char ManufactureName(void);  // Is it correct to define this as a char here?
	
	
	
	protected:
	  
	private:
	  
	void write(uint8_t,uint8_t);
	uint8_t read(uint8_t);	
    uint16_t read16u(uint8_t);
    int16_t read16(uint8_t);
	uint32_t read32u(uint8_t);
	uint16_t read16u2(uint8_t);
    char readString(uint8_t);    // All the other functions from the cpp file were listed above in this private class location. I thought I needed to add the readString here also defined as a char. Not sure if thats right or not. 
};
#endif

Now here is the .ino code. I’m trying to just read and serial print the ManufactuerName register which returns up to 32 ASCII letters from the readString function. I omitted a lot of the serial print code in an attemp to keep it clean but I did leave a few to show how i’m calling the other functions.

// Include the Wire library for I2C access.
#include <Wire.h>

// BQ20Z45 library.
#include <BQ20Z45.h>

// Store an instance of the BQ20Z45 Sensor
BQ20Z45 bms;

char strBuffer[33];    // Is this where this code should be place? Inside loop better? 

void setup()
{
  // We start the serial library to output our messages.
  Serial.begin(115200);
  
  // Start i2c communication.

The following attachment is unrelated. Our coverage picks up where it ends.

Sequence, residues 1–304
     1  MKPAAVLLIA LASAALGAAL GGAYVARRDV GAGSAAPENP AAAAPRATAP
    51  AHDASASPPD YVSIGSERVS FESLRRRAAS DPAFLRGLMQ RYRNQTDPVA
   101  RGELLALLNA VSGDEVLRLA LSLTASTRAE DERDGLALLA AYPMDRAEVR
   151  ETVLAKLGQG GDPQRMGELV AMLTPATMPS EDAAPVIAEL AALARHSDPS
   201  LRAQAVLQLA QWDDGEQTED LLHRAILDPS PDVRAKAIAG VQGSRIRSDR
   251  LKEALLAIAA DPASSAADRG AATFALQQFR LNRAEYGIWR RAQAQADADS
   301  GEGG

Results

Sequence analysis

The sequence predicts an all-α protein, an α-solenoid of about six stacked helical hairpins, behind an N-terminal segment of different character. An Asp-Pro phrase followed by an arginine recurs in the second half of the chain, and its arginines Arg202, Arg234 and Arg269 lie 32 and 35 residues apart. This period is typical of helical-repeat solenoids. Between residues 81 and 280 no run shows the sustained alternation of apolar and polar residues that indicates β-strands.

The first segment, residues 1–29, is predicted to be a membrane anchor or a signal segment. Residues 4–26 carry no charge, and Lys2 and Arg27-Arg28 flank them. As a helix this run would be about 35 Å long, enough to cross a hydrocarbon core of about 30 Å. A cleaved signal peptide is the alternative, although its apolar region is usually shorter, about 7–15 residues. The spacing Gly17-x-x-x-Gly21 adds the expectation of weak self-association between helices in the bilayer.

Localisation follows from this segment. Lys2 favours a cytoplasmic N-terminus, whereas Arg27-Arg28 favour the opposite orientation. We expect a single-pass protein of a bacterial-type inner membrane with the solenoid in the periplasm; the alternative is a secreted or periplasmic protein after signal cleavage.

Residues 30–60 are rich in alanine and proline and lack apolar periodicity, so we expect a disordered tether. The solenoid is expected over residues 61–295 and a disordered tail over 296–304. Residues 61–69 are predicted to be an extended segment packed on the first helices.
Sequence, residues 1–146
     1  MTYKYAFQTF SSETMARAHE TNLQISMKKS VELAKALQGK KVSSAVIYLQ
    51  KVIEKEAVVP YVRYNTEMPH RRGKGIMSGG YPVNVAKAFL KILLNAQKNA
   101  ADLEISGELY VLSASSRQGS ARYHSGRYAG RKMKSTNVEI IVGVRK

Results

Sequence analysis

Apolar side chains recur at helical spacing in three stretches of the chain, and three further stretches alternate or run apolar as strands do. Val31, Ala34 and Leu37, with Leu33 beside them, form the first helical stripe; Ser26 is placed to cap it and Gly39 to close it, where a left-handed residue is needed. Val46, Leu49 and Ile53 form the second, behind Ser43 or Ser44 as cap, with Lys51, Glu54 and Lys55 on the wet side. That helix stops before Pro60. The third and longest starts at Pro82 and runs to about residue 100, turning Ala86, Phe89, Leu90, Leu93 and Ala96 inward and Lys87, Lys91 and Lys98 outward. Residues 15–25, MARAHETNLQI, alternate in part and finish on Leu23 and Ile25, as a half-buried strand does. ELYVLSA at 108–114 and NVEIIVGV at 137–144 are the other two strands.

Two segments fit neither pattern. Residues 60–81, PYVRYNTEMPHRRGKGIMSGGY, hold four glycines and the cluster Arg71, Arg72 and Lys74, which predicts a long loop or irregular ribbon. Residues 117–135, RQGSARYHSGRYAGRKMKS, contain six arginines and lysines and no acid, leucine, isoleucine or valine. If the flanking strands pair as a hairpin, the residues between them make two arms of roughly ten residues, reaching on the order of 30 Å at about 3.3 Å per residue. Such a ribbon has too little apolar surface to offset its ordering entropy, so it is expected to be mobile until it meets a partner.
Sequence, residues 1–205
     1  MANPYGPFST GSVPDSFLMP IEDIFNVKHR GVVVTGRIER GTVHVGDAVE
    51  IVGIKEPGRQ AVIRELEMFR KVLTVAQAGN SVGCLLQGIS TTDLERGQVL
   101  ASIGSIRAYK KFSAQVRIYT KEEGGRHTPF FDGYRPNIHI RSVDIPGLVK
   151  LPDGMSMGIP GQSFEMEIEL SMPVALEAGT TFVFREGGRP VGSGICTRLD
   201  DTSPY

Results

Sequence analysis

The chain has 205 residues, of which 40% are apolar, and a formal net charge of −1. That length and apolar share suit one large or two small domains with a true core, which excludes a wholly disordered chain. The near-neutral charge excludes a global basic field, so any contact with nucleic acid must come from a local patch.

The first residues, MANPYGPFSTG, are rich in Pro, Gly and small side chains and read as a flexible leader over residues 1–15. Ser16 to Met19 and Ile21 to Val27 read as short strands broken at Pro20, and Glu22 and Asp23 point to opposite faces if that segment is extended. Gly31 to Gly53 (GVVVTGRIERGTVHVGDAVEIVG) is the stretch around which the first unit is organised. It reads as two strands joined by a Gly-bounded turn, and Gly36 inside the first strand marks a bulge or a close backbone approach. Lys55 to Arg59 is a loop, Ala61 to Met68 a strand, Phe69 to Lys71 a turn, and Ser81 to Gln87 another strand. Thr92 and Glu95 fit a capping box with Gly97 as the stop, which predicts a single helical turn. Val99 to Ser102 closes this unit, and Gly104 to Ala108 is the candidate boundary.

Wire.begin();
  
}

void loop()
{

    Serial.print("Temp: ");
    Serial.println(bms.GetTemp()-273);  
    
    Serial.print("Volt: ");
    Serial.println(bms.GetVoltage()); 
    
    Serial.print("Current: ");
    Serial.println(bms.GetCurrent());
    
    Serial.print("Battery Status Flags: ");
    Serial.println(bms.BatteryStatus(),HEX);
    
    Serial.print("Safety Alerts: ");
    Serial.println(bms.SafetyAlert(),HEX);

 
    
   Serial.print("Manufacturer Name: ");      
   Serial.println(bms.ManufactureName());  //Exactly how should this be setup to properly return the char string from the function? 


    Serial.println();
    delay(3000); // Show new results every second.
  
}

I owe both you guys dinner for all this help :smile: I’ll mail you some gift cards to cover a nice meal :wink:

Welcome to 2015!!